I need some inconsistency

An amalgamation of content: the aim not to politicise, but exercise. I'll think aloud about politics, technology, current news, as well as being a gay boy and what that really entails.

Sunday, November 30, 2003

British Library to sell rare books via Amazon UK

Following on in it's moves to adopt more modern technology, the British Library has announced that it is to team up with Amazon.co.uk to sell antique and out of print works. What's confusing in the presse release (see below) is that the alliance is simply allowing Amazon to access the records the Library keeps about the books, rather than unique parts of the Libary's collection itself. So they're only letting Amazon use its bibliographic information to provide details for other third party sellers. In part this is a move for Amazon to take part in the famously technology shy industry of antique books, but is just as much a statement by the Library that they want to make their collection available for the public to 'access'.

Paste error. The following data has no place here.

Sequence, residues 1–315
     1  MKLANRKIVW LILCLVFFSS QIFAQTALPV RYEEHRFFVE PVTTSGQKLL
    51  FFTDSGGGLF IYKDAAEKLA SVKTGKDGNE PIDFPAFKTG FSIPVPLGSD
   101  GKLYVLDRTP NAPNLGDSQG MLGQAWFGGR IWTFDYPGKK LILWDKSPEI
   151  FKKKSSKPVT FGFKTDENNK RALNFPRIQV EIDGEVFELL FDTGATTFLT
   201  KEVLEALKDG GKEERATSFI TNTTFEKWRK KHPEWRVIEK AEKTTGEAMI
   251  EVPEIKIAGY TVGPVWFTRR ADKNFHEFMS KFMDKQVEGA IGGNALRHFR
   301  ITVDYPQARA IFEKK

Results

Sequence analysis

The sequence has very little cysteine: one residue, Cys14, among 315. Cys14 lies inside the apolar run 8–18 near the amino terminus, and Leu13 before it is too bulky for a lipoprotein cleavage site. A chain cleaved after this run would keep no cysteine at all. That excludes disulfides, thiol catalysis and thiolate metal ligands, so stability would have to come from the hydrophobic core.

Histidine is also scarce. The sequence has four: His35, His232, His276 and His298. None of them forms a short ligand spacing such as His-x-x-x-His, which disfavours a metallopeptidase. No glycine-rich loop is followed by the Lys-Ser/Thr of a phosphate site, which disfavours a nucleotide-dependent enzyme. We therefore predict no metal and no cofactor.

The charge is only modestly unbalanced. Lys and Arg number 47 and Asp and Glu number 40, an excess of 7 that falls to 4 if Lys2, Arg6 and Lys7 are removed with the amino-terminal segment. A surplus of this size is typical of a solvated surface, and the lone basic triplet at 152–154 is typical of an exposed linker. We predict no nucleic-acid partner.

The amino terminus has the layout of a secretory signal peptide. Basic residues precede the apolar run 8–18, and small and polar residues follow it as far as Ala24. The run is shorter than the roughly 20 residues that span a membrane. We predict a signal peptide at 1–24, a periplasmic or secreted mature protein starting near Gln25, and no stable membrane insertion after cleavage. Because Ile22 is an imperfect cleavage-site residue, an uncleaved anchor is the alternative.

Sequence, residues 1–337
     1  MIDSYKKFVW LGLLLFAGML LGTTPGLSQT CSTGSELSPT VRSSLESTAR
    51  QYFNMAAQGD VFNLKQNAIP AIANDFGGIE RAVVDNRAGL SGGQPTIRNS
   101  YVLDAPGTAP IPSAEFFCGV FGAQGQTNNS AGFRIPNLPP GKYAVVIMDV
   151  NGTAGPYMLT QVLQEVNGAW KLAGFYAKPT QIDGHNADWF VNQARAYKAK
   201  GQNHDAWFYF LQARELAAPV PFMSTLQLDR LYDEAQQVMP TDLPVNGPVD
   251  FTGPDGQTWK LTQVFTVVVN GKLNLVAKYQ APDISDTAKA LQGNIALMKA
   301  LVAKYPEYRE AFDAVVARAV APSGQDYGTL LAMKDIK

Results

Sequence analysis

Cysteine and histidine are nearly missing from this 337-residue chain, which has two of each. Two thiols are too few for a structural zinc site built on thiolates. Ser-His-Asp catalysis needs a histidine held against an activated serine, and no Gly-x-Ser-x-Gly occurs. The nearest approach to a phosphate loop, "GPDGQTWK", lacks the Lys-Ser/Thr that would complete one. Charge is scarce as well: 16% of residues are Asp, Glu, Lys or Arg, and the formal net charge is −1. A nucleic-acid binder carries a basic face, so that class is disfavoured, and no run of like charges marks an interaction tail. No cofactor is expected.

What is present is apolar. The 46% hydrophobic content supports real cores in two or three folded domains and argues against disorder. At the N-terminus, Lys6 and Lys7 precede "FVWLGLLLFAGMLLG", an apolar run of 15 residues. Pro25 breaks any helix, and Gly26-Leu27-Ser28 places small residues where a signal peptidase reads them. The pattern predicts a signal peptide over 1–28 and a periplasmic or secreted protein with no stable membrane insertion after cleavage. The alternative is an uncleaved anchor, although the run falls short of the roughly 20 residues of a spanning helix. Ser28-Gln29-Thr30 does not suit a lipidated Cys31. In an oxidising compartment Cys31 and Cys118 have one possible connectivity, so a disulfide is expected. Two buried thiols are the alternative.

Natalie Ceeney, Director of Operations and Services at the British Library added: "The Library's alliance with Amazon.co.uk is a wonderful way to make our catalogue data relevant and available to an even wider audience. Our bibliographic catalogues are second-to-none and we are delighted that Amazon.co.uk will be using them to underpin and support the marketplace service."

BBC summary
Zdnet linkPress Release

"Just look at the exciting titles Amazon can now sell: Cake Design And Decoration, published 1963, and the ever-popular How To Keep A Man Eating Shark, published 1967!"


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